I also recognize a harmful, job-killing initiative when I see one!
Restore citizen control of SeaTac
For several years, SeaTac has been dominated by special interests that seek to control the city government bureaucracy for their own purposes. After they gained control, they violated our rights as citizens – sharply reducing our ability to speak and to participate in our own city government.
Washington state law says, “The people of this state do not yield their sovereignty to the agencies that serve them.” Together we can restore citizen control in SeaTac. I will continue to work for the citizens and to stand against these special interests.
My beginnings here actually pre-date SeaTac’s. I was born at King County Hospital, and grew up on 152nd and Military Road. Both my parents retired from Boeing. I was raised in Riverton Heights, attended Highline schools and I know and love my community, as it was and as it is, and especially as it can be. SeaTac has changed in some ways, but there is wonderful potential here and plenty of room for growth.
I am running for SeaTac City Council because I want to pay forward what this community has done for me; it is my home. No matter where I have lived, this place has always been a part of me. After living in other parts of the U.S., I returned to my home town after deciding to retire.
Issues I am interested in working on include: seeing that the city budget prioritizes public safety, neighborhood development and clean parks. Transportation for better access to jobs is important and I also want to make SeaTac pedestrian friendly and safe. I want to work with local businesses to increase their opportunities and attract more good jobs.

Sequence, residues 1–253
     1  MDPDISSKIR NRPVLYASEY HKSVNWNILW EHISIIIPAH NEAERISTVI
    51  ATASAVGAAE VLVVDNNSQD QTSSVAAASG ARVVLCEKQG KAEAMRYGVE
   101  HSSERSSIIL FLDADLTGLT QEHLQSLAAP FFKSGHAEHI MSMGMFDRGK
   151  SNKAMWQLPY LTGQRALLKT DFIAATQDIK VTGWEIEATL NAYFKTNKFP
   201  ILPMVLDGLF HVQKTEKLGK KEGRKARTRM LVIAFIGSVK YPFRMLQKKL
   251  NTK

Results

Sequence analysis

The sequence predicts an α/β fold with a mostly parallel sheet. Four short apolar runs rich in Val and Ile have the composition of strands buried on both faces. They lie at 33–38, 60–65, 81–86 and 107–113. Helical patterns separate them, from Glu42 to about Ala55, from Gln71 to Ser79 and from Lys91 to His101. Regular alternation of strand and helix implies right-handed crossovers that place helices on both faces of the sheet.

I believe in building consensus among business, labor, citizens’ groups and everyone who cares about our kids, our seniors and our homes. I am honored by broad support in the area: I am endorsed by the Washington Conservation Voters, the M.L. King, Jr. County Labor Council, and current members of the SeaTac City Council; Tony Anderson, Mia Gregerson, Dave Bush and Barry Ladenburg. I also have received endorsements from our Firefighters and the Aerospace Machinists District Lodge 751.
Leadership and giving back to my hometown is my driving force. As a certified Community Emergency Response Team (CERT) member in SeaTac, I am ready to assist in times of weather or disaster emergency. I live in the Bow Lake Residential Community near the airport. I am a member of the park’s garden club and I volunteer at Refugee Women’s Alliance in SeaTac, and work at the Highline Botanical Garden here.
Volunteerism is in my blood, from my Girl Scout Troop 19 days, trick or treating for pennies for UNICEF, helping at nursing homes in pink and white gingham aprons and rain or shine, selling cookies door to door. Graduation from Glacier High School led to attending Washington State University in Pullman, where I planned to study nursing. As such things often go, my degree was put on hold and I moved away before completing a degree, I did earn it however: a Bachelor of Science in Human Services, at Shorter University in Georgia.
I worked at AT&T for over 20 years in various departments, including landlines, and mobility. My duties included work in administration, fraud investigation and technical support. Other positions included medical secretary, and volunteer coordinator for a non-profit fighting ovarian cancer. I have always been fortunate to work in fields that helped others.
I served as a volunteer at the 1996 Olympics, meeting people from all over the globe. I loved it! I learned how to say a word or two in over a dozen languages. I learned to speak Spanish right here in SeaTac, and still use it. Toastmasters International became an abiding interest while I lived in Alaska. I served as founding president in two clubs, as an Area Governor and won speech contests and speech evaluation competitions.
I bring this passion for service to my race in SeaTac. We all deserve a local government which encourages participation in SeaTac’s many activities and committees. I will work for all of SeaTac, not just some of it. This is our city. We can make it better, stronger, more welcoming. This is why I am running for City Council.